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The most common form of self-harm in Canada, by far, is poisoning (including drug overdose), at 85 per cent. (iStockphoto)
The most common form of self-harm in Canada, by far, is poisoning (including drug overdose), at 85 per cent. (iStockphoto)

17,500 Canadians were hospitalized for self-injury last year, CIHI reports Add to ...

About 17,500 Canadians - an average of 48 a day - were admitted to hospital last year for treatment of "self-injury" - a euphemism for attempted suicide and self-mutilation.

Young women aged 15 to 19 were the most likely to self-injure, at a rate more than double that of their teen male counterparts, according to a new report from the Canadian Institute for Health Information. It's the first time such data have been collected and analyzed.

The most common form of self-harm is, by far, poisoning (including drug overdose) at 85 per cent, followed by cutting or piercing at 10 per cent and strangulation at 2 per cent.

The data do not allow researchers to distinguish between those who were trying to kill themselves and those who cut themselves as a result of mental illness.

But the number, 17,500, is probably a significant underestimate of the true extent of the problem, said David Goldbloom, senior medical adviser at the Centre for Addiction and Mental Health in Toronto.

"On the one hand it's an astonishing number, but on the other hand you have to realize it's just the tip of the iceberg," Dr. Goldbloom said in an interview.

That's because the data include only people who were treated in an emergency room and then admitted to hospitals overnight. Not included are people who do not seek treatment (which many so-called cutters do not) and suicides.

According to Statistics Canada, there were 3,578 suicides in Canada in 2007, the most recent year for which data are available. That number includes 2,709 men and 869 women, meaning men are three times as likely to die of self-inflicted injury.

Kira Leeb, director of health system performance at CIHI, said the self-injury data "can be seen as an indicator of access to community care."

In other words, people are ending up in emergency rooms in large numbers because they are not getting adequate psychiatric or psychological care.

"While suicide and self-harming behaviours are very complex, they are considered largely preventable when accessible and effective community-based intervention strategies are in place," Ms. Leeb said. "Information that can help to better identify and understand what groups are most at risk for self-injury can assist in the development of targeted prevention strategies."

Dr. Goldbloom agreed, saying: "You don't need a new data set to know there is not enough appropriate mental health care in the community."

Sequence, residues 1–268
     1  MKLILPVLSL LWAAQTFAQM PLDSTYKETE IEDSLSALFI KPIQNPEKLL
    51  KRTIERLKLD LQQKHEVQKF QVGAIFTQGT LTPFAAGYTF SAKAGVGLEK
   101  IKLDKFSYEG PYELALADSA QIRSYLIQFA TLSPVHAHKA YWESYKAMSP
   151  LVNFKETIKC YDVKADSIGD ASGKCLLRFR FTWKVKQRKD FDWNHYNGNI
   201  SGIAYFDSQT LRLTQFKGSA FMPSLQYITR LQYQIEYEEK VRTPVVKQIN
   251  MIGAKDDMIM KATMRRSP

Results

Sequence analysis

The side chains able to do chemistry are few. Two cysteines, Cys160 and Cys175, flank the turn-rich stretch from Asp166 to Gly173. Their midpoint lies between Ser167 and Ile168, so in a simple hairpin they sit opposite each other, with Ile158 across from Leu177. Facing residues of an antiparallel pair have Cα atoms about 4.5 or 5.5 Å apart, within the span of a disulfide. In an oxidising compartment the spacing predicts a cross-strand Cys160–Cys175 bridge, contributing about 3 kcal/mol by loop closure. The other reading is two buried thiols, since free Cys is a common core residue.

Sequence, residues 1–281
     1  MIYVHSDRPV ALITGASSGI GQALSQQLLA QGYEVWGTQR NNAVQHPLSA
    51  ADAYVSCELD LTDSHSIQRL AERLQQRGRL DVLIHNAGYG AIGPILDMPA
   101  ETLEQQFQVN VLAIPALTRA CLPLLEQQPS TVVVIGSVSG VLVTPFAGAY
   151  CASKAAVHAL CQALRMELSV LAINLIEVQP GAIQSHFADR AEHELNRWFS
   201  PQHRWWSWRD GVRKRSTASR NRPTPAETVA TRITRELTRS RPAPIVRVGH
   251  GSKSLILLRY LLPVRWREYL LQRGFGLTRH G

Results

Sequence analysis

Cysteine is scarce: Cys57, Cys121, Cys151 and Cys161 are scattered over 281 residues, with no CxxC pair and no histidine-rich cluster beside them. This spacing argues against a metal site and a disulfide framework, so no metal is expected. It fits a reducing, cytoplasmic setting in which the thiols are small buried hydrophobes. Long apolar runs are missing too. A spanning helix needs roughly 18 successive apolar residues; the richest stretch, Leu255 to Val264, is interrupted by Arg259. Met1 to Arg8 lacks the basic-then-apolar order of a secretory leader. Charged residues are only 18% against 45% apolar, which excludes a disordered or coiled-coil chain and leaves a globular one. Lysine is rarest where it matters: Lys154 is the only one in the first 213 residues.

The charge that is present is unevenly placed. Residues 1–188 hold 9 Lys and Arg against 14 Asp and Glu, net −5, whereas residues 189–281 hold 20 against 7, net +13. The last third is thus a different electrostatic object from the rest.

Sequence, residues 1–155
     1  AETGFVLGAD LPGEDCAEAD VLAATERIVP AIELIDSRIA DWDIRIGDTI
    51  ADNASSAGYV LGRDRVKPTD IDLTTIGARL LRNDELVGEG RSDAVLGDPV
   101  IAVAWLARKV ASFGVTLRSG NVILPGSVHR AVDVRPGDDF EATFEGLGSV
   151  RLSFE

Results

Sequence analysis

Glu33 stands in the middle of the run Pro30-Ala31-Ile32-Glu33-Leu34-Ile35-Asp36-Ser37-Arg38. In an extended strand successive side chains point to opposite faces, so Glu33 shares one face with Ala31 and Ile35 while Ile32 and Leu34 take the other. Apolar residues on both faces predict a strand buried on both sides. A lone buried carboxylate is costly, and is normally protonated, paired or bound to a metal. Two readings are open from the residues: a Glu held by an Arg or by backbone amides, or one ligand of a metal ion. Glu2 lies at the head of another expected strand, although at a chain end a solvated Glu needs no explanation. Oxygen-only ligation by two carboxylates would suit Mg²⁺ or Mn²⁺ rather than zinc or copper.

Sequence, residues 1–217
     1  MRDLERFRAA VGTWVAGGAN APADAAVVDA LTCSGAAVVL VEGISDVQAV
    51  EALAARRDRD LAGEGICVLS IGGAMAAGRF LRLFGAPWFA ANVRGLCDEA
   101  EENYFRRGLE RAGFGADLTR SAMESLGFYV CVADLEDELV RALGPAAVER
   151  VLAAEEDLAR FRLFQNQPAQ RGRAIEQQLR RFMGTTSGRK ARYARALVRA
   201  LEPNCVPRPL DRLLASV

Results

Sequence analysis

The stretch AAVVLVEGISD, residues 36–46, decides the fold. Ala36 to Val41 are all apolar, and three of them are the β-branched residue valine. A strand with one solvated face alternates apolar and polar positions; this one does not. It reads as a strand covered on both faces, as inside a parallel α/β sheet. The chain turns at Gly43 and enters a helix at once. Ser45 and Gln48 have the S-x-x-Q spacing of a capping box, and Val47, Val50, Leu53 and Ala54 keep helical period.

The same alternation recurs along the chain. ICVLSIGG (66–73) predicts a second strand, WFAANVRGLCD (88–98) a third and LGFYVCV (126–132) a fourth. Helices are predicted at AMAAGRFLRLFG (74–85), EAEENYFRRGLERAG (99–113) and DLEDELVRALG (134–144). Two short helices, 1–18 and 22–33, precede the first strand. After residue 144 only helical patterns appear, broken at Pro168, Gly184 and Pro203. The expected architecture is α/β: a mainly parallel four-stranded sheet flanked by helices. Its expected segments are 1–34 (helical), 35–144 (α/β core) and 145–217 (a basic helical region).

But he said the research is useful in helping to underscore that some groups are particularly vulnerable and in need of help.

"Self-harm peaks in the 15-to-19 age group, with young women in particular. We really have to get in there and help young people in distress before they end up in the ER," Dr. Goldbloom said.

According to the study, 70 per cent of patients treated in hospital for self-harm injuries suffer from mental illness and/or addictions. But the experts cautioned that is certainly an underestimate, because emergency doctors tend to treat the immediate problem, physical injury, and not so much the underlying problem, psychiatric illness.

The CIHI report also examined hospital admissions for treatment of mental illness, noting that more than 128,000 Canadians were treated in hospital for such conditions as depression, bipolar disorder and schizophrenia. (The number does not include those treated in psychiatric hospitals.)

More than 11 per cent of those patients were readmitted for care within 30 days, a rate that is seen as another indicator of poor care in the community.

"Not all readmissions can be avoided, but ensuring that community services are available for people after they leave the hospital may help prevent the so-called revolving door of hospitalization for those living with a mental illness," said Chantal Couris, senior researcher health system performance at CIHI.

Carol Adair, a professor of community health sciences at the University of Calgary, said the data should provide some incentive for improving the mental health system.

"Ensuring individuals have a smooth transition from the hospital to effective community care and support will help them stay out of hospital and reach a level of optimal mental health and quality of life," she said.

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